2023 edition kicked off at European Film Awards

2023 edition kicked off at European Film Awards

The five finalists have been announced in Reykjavík during the European Film Awards ceremony on December 10.

The 35th European Film Awards took place this Saturday, 10 December, at the Harpa Concert Hall in Reykjavík. After two years of virtual ceremonies due to Covid-related constraints, the biggest celebration of European cinema returned to a physical format in 2022, welcoming guests and nominees at the Icelandic capital, from where the ceremony was broadcasted live to the whole world. Once again, this special occasion was chosen as the official kick-off for the LUX Audience Award, whose third edition is presented by the European Parliament and the European Film Academy, with the collaboration of the European Commission and Europa Cinemas.

For the first time this year, five films will be competing for the prestigious pan-European award, instead of the usual three, in order to better showcase the diversity of European cinema, and to attract a bigger and more diverse audience. During the ceremony, presented by Icelandic artists Ilmur Kristjánsdóttir and Hugleikur Dagsson, the nominated films were revealed through a series of clips shown in between awards. This year’s shortlisted titles are Alcarràs by Carla Simón (Spain, Italy), Burning Days by Emin Alper (Turkey, France, Germany, Netherlands, Greece), Close by Lukas Dhont (Belgium, France, Netherlands), Triangle of Sadness by Ruben Östlund (Sweden, Germany, France, Turkey, Greece, Denmark, United Kingdom, United States) and Will-o’-the-Wisp by João Pedro Rodrigues (Portugal, France).

Carla Simón’s recent Golden Bear winner, Alcarràs, which was nominated in two categories at the European Film Awards (Best European Film and Screenwriter), is a gentle yet powerful film about a family forced to abandon the orchard they have been tending for years in the Catalonian countryside, portraying the harsh reality of a disappearing world. The film has been selected as the Spanish candidate for Best International Feature Film at the 2023 Oscars. The Catalonian director was part of the LUX Official Selection in 2017 with her equally endearing first feature, Summer 1993.

In Burning Days, by acclaimed Turkish filmmaker Emin Alper, a young idealist lawyer is appointed local prosecutor in a small rural town. After a seemingly warm welcome, the protagonist experiences a series of tense encounters that lead him to confront the corruption and bigotry of the local authorities, in the midst of a severe water crisis. With his latest film, which had its world premiere at the Un Certain Regard section of the 75th Cannes Film Festival, and won Best Editing at the European Film Awards, Alper delivers a strong social critique that resonates with the rise of populism in the world.

After its successful premiere in Cannes’ main competition this year, where it won the prestigious Grand Prix, Close, the sophomore feature by Belgian director Lukas Dhont, was in the running for four statuettes at the European Film Awards (Best Film, Director, Screenwriter and Actor for its young protagonist, Eden Dambrine). Following its acclaimed first feature, Girl — which was part of the LUX Official Selection in 2018 — Dhont presents another moving coming-of-age story focused on boyhood friendship, which has been selected to represent Belgium at the 2023 Oscars.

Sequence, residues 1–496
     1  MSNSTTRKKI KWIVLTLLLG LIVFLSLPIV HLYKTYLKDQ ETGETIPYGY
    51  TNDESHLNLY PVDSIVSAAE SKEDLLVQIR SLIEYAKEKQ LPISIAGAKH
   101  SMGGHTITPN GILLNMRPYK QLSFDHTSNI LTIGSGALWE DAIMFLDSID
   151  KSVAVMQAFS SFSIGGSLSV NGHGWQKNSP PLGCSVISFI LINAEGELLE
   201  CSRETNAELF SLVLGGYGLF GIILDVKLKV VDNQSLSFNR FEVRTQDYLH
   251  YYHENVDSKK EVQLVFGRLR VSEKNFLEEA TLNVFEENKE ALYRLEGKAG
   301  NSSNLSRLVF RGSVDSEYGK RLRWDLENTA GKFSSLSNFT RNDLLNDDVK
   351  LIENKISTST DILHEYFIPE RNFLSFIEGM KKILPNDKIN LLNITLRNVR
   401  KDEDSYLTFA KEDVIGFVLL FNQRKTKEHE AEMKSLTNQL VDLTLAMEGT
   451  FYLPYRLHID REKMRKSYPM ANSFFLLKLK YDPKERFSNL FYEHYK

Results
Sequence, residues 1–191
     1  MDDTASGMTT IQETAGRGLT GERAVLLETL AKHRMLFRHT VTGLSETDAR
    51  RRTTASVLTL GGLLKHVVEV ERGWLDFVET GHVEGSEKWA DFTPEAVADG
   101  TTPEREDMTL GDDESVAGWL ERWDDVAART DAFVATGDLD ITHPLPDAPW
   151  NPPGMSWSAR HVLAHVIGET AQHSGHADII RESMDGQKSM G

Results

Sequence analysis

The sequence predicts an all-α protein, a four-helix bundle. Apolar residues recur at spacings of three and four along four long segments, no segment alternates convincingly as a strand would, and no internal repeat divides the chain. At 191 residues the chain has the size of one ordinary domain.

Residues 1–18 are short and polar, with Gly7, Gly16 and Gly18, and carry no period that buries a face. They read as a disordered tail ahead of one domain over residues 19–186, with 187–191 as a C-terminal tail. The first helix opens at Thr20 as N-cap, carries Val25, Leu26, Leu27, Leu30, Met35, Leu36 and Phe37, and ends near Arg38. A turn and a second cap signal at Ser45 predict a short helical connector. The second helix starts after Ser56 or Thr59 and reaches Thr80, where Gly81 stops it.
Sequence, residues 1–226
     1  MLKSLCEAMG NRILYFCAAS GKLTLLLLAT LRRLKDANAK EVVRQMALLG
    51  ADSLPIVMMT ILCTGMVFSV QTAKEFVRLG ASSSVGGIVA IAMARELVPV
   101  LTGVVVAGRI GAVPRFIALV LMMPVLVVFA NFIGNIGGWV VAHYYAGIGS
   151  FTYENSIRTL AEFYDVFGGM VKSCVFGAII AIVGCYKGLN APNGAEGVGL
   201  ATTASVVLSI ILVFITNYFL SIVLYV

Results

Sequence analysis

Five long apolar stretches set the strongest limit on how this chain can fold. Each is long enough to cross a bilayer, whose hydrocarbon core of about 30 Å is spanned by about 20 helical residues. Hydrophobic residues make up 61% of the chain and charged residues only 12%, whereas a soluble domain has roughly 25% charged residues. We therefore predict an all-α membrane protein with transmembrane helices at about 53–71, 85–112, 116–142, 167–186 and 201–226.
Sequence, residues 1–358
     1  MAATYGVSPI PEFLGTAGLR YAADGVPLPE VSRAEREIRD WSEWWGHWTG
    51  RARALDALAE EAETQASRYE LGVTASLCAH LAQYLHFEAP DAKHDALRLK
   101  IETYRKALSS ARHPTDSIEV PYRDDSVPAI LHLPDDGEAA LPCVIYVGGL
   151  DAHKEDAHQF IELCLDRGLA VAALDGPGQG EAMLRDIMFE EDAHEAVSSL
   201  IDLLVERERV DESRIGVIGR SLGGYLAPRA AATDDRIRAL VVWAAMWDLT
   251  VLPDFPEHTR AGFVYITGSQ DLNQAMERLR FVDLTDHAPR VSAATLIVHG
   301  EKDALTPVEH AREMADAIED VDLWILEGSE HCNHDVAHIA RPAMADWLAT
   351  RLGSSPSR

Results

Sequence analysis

Triangle of Sadness, by Ruben Östlund, emerged as the undisputable winner of the 35th European Film Awards, winning in all four categories it was nominated for (Best European Film, Director, Screenwriter and Actor for Zlatko Burić). The two-time Palme d'Or-winning Swedish director — whose previous film, Play, was part of the LUX Official Selection in 2011 — offers another witty social satire about the ills of capitalism, featuring a memorable ensemble cast consisting of actors from different nationalities, and which received the top prize at Cannes earlier this year.

João Pedro RodriguesWill-o’-the-Wisp, which premiered in the Directors' Fortnight in Cannes, rounds up the list of nominees. In just 67 minutes, the Portuguese director — a true reference in modern queer cinema — skilfully crafts a unique musical comedy about a young prince who decides to become a fireman. With this short and funny piece of work, Rodrigues displays a series of timely reflections on the legacy of colonialism, the climate crisis and the persistence of the monarchy, through the love story of two young men challenging the status quo.

Selected by a panel of experts drawn from the European film industry (including filmmakers, festival programmers, exhibitors and young cinephiles from the 27 Times Cinema project), these five compelling films stand as perfect examples of the unchanging goal of the project: to celebrate, support and promote films that deal with current social and political issues affecting European citizens.

All five films will be subtitled in the 24 official EU languages to enhance their circulation, touring the continent over the upcoming months. European audiences are encouraged to watch and rate the films (five stars ‘excellent’ to one star ‘poor’) until 12 June 2023. As in previous editions, the recipient of the award will be determined by the public and by the Members of the European Parliament (each party representing 50% of the votes). Eventually, one of them will follow in the footsteps of Jasmila Žbanić’s powerful drama Quo vadis, Aida?, which emerged as the most appreciated work last year. The winner will be announced during the Plenary Session of the European Parliament in Strasbourg on 14 June 2023. Among the people taking part in the rating process, ten lucky winners will be invited to attend the ceremony, while other contestants will get a chance to win a set of prizes from the nominated films.

The rating platform is already available on the LUX Award official website.